California recently became one of eight states, cities or localities to pass legislation banning all employers from asking one particularly awkward question of prospective workers: How much did you make in your last job?
Yet companies apparently aren’t convinced the laws will work as intended.
The aim of many of the measures is to help close the gender pay gap. The idea is that if employers do not set new wages on the basis of past compensation, one low salary or poorly negotiated job offer early on in her career won't set a woman back for years to come.
But some two-thirds of the 108 companies surveyed by executive search and consulting firm Korn Ferry recently said they thought the measures would not, or would only to a small extent, improve any pay differentials that exist.
The likely reason, said Tom McMullen, a senior client partner for Korn Ferry, is that employers either already feel they have the rigorous pay systems in place to monitor for pay equality. Or the actual gap between male and female employees' pay at the company — accounting for position, experience, job level and the like — is only in the single digits.
"For those that already have decent processes in place, it probably is a nonevent," McMullen said, noting that the survey skewed to larger companies. "The biggest difference it'll make is in those organizations that have a 'let's make a deal' culture" and do not rely as much on market data to set workers' pay or have less rigorous ways of analyzing whether they are paying workers fairly.
The survey also showed that many employers do not seem prepared for the new laws, many of which take effect next year, although some have a grace period before penalties for noncompliance kick in. Almost a third said they are not prepared for the legislation, while 44% said they had made "some preparations." Just 5% said it was already their practice not to ask about a candidate's pay history.
The survey did not ask what impact the new laws could have on payroll budgets or salary size overall.
While the salary-question bans, which are often part of "pay equity" or "pay transparency" bills, may have generated attention for their potential role in closing the gender gap, other employees could benefit, too.
More market-based approaches to wage setting — in which employers compensate workers on the basis of the needs of and competition for the job, rather than the history of the person — could help any prospective employee who worries that he or she has been paid too little in the past. (Discussions about salary expectations, rather than history, are expected to still pass muster.)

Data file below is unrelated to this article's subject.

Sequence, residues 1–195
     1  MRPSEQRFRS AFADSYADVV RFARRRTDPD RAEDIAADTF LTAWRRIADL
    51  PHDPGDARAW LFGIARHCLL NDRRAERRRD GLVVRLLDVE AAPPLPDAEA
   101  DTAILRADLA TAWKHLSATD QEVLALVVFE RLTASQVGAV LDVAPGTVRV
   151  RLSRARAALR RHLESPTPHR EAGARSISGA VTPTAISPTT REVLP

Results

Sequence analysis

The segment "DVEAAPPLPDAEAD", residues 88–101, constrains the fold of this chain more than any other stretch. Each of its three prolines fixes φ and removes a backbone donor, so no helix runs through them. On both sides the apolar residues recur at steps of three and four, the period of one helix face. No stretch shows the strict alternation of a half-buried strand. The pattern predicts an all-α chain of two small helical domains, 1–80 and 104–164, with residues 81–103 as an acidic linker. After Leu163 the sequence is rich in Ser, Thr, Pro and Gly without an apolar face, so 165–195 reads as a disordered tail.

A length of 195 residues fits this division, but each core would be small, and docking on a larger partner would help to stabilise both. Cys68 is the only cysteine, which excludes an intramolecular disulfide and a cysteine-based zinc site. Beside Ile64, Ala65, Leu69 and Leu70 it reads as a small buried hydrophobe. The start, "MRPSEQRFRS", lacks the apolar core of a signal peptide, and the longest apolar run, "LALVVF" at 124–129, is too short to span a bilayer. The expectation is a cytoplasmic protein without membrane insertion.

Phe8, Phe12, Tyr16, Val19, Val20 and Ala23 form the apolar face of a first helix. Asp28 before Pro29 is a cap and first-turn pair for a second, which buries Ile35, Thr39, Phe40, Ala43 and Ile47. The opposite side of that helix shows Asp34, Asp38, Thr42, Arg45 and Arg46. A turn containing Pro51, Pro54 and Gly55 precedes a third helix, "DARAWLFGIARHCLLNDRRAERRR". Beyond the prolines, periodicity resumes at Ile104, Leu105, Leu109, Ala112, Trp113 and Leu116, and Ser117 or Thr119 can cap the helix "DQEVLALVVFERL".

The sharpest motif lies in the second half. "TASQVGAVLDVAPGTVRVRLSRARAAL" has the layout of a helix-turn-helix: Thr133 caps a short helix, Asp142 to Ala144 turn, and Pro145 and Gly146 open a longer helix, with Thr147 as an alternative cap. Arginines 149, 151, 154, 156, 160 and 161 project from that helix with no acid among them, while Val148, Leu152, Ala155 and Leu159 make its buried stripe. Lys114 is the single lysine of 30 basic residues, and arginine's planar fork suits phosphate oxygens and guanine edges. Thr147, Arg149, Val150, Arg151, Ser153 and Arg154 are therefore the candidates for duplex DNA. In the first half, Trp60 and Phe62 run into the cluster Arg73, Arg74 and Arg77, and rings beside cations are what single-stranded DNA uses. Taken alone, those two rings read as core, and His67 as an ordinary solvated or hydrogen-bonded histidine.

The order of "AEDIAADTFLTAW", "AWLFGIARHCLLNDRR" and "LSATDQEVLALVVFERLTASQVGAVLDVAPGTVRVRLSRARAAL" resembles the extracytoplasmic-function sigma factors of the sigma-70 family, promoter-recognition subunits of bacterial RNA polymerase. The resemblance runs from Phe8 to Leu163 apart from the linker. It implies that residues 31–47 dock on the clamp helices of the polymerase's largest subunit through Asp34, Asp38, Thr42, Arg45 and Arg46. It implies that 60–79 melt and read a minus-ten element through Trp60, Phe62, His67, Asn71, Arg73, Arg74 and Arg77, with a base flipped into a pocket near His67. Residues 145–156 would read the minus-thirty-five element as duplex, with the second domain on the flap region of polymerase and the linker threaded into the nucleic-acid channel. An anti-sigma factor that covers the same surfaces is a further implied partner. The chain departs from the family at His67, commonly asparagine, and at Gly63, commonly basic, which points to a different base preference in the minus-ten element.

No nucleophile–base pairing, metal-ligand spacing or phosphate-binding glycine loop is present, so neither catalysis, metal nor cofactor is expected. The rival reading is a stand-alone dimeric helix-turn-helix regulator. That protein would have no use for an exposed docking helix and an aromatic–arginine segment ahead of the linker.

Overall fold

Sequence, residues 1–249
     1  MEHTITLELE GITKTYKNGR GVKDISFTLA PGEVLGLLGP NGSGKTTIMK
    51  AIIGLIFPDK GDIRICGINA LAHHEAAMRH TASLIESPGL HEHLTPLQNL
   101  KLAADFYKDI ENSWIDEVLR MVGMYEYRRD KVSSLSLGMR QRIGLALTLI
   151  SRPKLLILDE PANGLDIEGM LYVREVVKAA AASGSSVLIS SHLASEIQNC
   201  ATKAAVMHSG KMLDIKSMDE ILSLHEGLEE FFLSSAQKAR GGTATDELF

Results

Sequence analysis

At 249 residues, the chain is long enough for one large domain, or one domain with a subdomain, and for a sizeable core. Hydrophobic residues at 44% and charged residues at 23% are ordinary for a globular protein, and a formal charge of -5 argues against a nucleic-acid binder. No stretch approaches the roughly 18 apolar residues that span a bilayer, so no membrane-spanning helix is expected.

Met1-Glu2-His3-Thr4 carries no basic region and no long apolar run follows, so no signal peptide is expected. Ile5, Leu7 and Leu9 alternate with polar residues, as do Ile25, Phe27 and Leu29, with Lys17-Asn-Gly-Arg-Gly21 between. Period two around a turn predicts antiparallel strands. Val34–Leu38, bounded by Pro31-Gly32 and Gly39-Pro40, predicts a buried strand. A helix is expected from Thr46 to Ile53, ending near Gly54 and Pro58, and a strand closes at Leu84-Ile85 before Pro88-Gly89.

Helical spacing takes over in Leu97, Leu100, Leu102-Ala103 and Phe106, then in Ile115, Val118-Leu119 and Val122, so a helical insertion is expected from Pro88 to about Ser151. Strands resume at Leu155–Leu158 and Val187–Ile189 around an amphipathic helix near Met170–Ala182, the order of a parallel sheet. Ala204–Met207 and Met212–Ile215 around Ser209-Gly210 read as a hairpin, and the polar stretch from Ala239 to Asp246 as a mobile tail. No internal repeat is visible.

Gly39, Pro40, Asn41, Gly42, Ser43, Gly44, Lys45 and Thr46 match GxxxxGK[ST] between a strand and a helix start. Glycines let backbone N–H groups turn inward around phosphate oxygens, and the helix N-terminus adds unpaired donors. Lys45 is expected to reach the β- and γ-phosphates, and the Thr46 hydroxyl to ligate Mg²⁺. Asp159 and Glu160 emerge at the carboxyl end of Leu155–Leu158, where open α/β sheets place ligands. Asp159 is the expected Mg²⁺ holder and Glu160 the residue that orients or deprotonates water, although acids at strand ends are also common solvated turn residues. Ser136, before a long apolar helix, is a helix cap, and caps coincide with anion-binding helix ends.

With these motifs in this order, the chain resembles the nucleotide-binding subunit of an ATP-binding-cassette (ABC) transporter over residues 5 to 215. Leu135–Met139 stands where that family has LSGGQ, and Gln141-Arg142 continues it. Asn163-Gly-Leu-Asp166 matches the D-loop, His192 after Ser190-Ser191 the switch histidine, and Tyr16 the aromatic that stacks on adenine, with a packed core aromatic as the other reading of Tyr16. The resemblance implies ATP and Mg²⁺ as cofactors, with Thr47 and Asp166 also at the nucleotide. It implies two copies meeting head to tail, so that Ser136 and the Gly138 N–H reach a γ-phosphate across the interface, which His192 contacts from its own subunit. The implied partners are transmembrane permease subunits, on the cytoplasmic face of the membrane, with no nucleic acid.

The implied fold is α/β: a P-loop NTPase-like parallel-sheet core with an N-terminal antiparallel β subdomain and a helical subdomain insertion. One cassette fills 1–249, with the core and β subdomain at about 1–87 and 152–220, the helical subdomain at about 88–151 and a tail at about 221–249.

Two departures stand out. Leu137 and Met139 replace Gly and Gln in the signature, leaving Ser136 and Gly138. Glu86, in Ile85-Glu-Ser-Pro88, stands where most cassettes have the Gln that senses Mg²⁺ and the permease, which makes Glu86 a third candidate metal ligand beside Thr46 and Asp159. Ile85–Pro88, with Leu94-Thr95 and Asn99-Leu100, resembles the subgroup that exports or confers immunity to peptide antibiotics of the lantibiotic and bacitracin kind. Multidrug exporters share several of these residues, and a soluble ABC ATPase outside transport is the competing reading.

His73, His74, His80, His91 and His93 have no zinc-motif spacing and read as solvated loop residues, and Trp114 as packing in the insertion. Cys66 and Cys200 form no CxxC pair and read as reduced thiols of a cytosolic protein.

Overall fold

Jonathan Segal, an employment lawyer based in Philadelphia, said the bans could be particularly relevant for older workers. Someone who has been working for more years and may be looking to scale back to a less demanding job — or workers eager to get back into the workforce after being out of a job and willing to work for less — could be subject to implicit bias when asked about their past pay, he said.
"Eliminating the question may help not only eliminate the pay gap for women," he said, "but may help older employees who are being excluded because employers think they won't be happy working for less."
He also sees employers adopting the ban even in areas where it is not required.
"I see a significant number of employers that are voluntarily omitting this from their application," Segal said, "even in absence of legal mandate."
Forty-six percent of the companies surveyed by Korn Ferry said they would comply with the legal requirements in the most stringent location where they operate. That means workers well outside Massachusetts, California or Oregon might no longer be asked about their salary history during job negotiations even if their local jurisdictions do not pass similar laws.
Only 32% said they would comply as each region requires, while 11% said their operations were not affected and another 11% said they were unsure. (The National Women's Law Center reports that a few more states are expected to pass similar prohibitions this year. Other jurisdictions have passed measures only for public employees, and a version was introduced in Congress last year. Philadelphia's measure has faced a legal challenge.)
Korn Ferry’s McMullen said that while some firms are being advised to maintain separate policies, "that gets messy really quick."
Workplace-related laws that start in local jurisdictions often spread to others, he said, because multistate or national companies decide that having a single policy rather than a patchwork of practices is simpler.
"There will be a tipping point, if it's not there already, where this will become the de facto way of handling this in this country," McMullen said. For many companies, having a blanket policy "is easier administratively."
McGregor writes for the Washington Post.